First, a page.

Awash in blue light on stage, Nat Turner paces the confines of his cell the night before execution; his punishment for leading a slave rebellion and killing more than 50 people in 1831. The sound of heavy chains scraping across the floor weighs on the spirit. Before the sun rises, Turner’s lawyer visits to get information about uprisings to add to Turner's confession. He wants answers and remorse.
The Actors’ Shakespeare Project’s “Nat Turner in Jerusalem,” at Hibernian Hall through Feb. 24, imagines what Turner’s last night might have been like. At its center, the dialogue between Turner (Brandon G. Green) and his lawyer, Thomas R. Gray (Lewis D. Wheeler) — rippling with religious conviction and condemnation — never reaches a combustive conclusion. Rather, the play by Nathan Alan Davis serves up wrongdoings on both sides of a divide for audiences to contemplate long after the house lights come on.
“It's a simmering play,” says Christopher V. Edwards, ASP’s artistic director and producer of the play. He says a lot of this has to do with how the director, Benny Sato Ambush, let things evolve slowly between the actors playing Turner and Gray.
Before the show, Green — clad in a Trayvon sweatshirt and black cap — told me that he found a few parallels between himself and Turner. They're both close in age — early 30s. And they're both introverts.
The accomplished actor — who has worked with the Lyric Stage Company, Company One Theatre, the Front Porch Arts Collective — looks for roles that have a "theatrical activism" and wants to "play characters that help me speak my mind about the world we live in," he says.
His artist-activist roots run deep. Green's great-grandmother and her friends performed plays to inform people about voting during the civil rights movement.
Green enjoys telling Turner's story, but admits that it's "a challenge trying to find a way through him, but finding that true north of: he loves his people, he is a man of incredible faith ... it all helps center” the character.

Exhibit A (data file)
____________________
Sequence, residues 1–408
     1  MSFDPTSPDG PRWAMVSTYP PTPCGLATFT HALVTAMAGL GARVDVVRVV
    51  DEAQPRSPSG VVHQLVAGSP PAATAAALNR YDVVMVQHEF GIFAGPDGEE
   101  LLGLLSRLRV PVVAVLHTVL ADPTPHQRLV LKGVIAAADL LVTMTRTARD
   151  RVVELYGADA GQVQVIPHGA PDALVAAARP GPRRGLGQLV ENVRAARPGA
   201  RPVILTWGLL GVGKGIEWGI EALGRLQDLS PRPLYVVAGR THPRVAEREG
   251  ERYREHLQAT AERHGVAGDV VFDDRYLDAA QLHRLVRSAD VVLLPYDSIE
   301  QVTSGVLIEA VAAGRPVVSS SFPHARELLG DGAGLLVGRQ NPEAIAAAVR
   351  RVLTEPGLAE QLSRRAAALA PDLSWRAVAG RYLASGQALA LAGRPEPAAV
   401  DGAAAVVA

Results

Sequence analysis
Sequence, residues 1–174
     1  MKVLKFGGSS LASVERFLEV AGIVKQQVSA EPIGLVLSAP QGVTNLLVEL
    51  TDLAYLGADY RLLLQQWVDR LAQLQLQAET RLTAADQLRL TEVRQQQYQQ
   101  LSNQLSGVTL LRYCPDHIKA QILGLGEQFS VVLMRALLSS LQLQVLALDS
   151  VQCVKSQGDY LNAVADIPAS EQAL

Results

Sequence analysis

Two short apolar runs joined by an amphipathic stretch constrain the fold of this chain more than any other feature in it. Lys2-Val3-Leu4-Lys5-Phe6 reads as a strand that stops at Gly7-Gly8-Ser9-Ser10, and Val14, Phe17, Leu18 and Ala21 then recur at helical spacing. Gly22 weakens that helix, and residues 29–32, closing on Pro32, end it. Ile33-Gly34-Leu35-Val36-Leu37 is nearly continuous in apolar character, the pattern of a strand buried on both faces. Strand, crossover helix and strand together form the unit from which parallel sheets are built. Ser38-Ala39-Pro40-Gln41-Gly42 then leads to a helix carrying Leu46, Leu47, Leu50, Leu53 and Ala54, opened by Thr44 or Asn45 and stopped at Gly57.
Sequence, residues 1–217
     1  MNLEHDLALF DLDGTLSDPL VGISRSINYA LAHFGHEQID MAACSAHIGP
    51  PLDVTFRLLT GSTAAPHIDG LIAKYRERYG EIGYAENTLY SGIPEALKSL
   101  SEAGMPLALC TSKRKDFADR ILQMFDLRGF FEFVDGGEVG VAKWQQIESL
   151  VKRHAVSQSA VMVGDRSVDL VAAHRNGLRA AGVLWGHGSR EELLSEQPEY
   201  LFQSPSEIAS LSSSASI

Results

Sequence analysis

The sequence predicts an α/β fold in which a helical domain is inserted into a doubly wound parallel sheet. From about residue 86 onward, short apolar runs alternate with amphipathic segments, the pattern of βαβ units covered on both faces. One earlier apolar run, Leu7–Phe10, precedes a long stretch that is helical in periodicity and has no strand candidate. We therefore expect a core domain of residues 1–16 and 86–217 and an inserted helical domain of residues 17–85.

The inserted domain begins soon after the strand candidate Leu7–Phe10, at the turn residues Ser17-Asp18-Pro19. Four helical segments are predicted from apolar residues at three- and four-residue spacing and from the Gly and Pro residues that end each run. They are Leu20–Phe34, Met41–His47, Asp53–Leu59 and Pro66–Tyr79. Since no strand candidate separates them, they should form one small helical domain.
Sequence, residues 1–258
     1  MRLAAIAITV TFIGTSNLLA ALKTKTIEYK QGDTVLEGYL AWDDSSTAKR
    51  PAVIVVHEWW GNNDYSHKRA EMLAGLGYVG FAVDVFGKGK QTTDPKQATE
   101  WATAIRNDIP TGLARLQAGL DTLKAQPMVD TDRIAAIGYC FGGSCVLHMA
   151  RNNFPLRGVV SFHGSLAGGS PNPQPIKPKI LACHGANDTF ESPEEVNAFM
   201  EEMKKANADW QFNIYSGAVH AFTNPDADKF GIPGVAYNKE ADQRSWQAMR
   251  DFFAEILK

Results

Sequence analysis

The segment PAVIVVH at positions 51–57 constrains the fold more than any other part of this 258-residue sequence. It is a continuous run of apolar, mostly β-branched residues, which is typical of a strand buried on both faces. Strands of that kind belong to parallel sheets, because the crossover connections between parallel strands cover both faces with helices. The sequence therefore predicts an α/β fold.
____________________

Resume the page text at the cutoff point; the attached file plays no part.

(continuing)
The playwright’s approach allows Turner to appear complicated and nuanced, through his faith in God and his pursuit to make the guard (also played by Wheeler) somewhat of a friend. Gray, fearful of Turner, struggles to understand why Turner thinks it’s OK to kill, never considering that slaves can be murdered at will by their masters.
But, Edwards explains, “one man’s freedom fighter is another man’s terrorist.” There’s even more to Davis’ Turner in this script though, a vulnerability that swirls around him. Turner believes the revolt is God's work, but still has moments of struggle. It reminds Edwards of his visit to the Martin Luther King Jr. National Historical Park, which features a letter by King written to his wife, Coretta. In it, King shares his doubts and wonders if he’s doing the right thing.
“I find that very moving, this idea that someone finds a calling but they still need to find the certainty in it. Somehow, they're looking for signs, something to tell us that our existence means something,” he says.
Even with Turner’s nuance, some might feel that there’s no justification for such a violent act. Turner’s time differs significantly from today, but oppression still thrives. African-Americans continue to make strides in the U.S., but black people are more likely to be killed by police and less likely to be upwardly mobile.
This story reminds people that “we’ve come some way but at a basic philosophical level, how far have we really come? I think it’s important to have conversations about that,” says Edwards.
Instead of avoiding difficult topics, Edwards confronts them head on through theater. He joined ASP — a theater that "believes Shakespeare’s words are urgently relevant to our times" — in 2017 and previously served as artistic director at Nevada Conservatory Theatre. Since joining the company, he’s been working to shake things up a little and challenge what’s considered classical theater.
When directing and acting, Edwards — who has produced more than 25 plays — says he seeks to provide ways for people “who don't often get the opportunity to see theater, to see it, for them to see themselves in the plays and to show people that [might be] disenfranchised or underserved that their stories are valid and that they are heroes too."
Both Edwards and Green use theater to spark dialogue around their work and “Nat Turner in Jerusalem" provides a way to do that. The play offers up more questions than it answers, but that’s exactly what Edwards thinks theater is for. We’re supposed to leave with questions, he says.
It’s up to us to find our own answers.
The Actors’ Shakespeare Project’s “Nat Turner in Jerusalem,” runs now through Feb. 24 at Hibernian Hall in Roxbury.